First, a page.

One day little five-year-old Artie was sitting at the kitchen table.  He had before him a bowl of chicken noodle soup, the steam billowing over the edges.  It was a cold winter’s day, and the soup was perfect to warm little Artie up.  His mother busied herself with something or other by the stove or the kitchen cabinets or something.  She was off to the right, if you’d like to picture it in your mind.

Artie sipped bits of broth from the spoon, slurping with glee.  What a wonderful lunch he was having.  All was right and good in the world. 

Treachery brewed nearby, however.  Something distracted little Artie.  Was it a chunk of chicken that was slightly too warm for his sensitive little tongue?  Was it something heard on the television in the next room?  Or was he just a clumsy little boy, too proud of his own motor skills to really monitor them in the way he should have?

Whatever it was, Artie spilled the soup. 

And oh, a spilled spoonful of soup was never so fraught with (the aforementioned) treachery.  The piping hot liquid spilled directly into the lap of little Artie, creating a sensation between his legs that made him cry out in anguish.  Little Artie let out a yelp of pain, throwing the spoon across the kitchen in agonizing rage.

Mother called from the other side of the room:  “What’s wrong, Artie?  What happened?”

“I burned my thinger!” Artie screamed, his speech garbled in torment.  “I burned my thinger!”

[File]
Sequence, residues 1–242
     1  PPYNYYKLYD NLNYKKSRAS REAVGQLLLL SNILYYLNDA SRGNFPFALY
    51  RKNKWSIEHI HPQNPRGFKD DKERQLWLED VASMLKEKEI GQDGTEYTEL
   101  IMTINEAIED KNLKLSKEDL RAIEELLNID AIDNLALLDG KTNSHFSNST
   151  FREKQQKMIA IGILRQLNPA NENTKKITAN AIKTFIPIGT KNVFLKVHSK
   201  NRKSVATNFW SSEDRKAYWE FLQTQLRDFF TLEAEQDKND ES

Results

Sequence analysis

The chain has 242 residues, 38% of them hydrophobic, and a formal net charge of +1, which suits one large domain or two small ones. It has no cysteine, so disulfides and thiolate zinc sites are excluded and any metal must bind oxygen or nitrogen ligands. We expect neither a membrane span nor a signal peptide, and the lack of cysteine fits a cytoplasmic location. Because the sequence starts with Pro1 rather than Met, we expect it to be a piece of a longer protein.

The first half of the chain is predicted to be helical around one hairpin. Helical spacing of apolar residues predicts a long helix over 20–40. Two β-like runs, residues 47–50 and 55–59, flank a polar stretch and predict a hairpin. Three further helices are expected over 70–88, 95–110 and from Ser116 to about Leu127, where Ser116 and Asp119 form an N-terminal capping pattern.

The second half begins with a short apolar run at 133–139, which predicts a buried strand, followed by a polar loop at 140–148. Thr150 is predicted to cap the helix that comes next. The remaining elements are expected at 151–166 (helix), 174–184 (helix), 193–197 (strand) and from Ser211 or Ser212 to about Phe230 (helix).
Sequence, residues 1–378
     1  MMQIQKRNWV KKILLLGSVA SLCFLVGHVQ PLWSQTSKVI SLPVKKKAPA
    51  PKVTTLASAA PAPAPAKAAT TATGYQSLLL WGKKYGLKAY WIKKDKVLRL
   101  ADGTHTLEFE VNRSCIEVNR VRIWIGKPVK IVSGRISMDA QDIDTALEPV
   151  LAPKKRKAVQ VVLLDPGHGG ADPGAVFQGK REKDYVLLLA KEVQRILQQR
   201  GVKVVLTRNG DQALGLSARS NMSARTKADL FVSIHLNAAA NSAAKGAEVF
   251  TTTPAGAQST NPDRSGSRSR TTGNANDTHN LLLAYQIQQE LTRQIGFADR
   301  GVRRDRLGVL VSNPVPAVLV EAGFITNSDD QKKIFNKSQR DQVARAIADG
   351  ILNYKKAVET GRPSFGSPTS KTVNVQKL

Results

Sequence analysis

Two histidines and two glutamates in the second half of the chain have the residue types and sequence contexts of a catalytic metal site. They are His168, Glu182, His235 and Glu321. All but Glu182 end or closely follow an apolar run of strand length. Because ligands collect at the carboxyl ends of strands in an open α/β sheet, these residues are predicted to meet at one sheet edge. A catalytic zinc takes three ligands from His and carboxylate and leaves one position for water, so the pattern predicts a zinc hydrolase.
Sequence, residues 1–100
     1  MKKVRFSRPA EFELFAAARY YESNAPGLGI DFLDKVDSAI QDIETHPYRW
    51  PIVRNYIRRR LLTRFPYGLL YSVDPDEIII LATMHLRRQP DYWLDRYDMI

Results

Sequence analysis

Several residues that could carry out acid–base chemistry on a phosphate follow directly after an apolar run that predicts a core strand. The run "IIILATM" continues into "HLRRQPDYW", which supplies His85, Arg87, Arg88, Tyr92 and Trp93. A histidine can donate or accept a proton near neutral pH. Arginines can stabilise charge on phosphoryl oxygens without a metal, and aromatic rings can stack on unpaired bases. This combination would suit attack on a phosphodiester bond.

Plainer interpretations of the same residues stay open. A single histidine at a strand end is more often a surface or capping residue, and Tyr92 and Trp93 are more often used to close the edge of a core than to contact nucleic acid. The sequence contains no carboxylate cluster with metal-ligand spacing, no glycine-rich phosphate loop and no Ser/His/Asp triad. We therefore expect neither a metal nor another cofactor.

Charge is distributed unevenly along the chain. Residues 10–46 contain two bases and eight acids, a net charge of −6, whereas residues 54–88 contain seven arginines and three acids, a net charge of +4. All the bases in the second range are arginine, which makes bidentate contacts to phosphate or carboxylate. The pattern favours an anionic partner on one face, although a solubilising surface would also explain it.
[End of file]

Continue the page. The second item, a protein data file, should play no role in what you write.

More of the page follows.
Mother cooed in a sympathetic voice: “I’m sorry about that, hon.  Just put it in your mouth.”

Artie’s breath caught in his throat.  His eyes widened in bewilderment.  He froze, at once confused and horrified at the suggestion by his own materfamilius. 

Poor Mother – she had misheard the boy.  Thinking little Artie had said “finger,” she assumed she had given him a perfectly logical suggestion for what to do until she had completed her own chores and could come over to look at it herself. 

Now she gazed at her son and saw the befuddlement in his eyes.  She saw the wheels in his mind churning, trying to decipher the real meaning behind what she had just said, and trying to decide how to actually make the suggested action happen, if that was in fact the proper procedure for such a set of given circumstances.

Suddenly, it clicked.  She had made a terrible mistake.  “Oh no!” Mother cried.  “No, don’t try to put that in your mouth!” 

The aftermath of the event is lost to the ages, as it has never been included with the story told to me.  (This anecdote has been included in the catalog of Little Artie Stories since I can remember.)  Mayhaps little Artie went to change his pants.  Mayhaps a bag of ice was used to lessen the burning sensation.  Did he finish the bowl of soup?  Did he run screaming from the room?  Alas, we do not know.

I am happy to report, however, that my thinger is fully operational and suffered no residual damage after its harrowing ordeal that fateful day.

 

Did anyone else have child-speak words for body parts?  Have you ever burned them?  Has your mother ever told you to put them in your mouth?  Please share.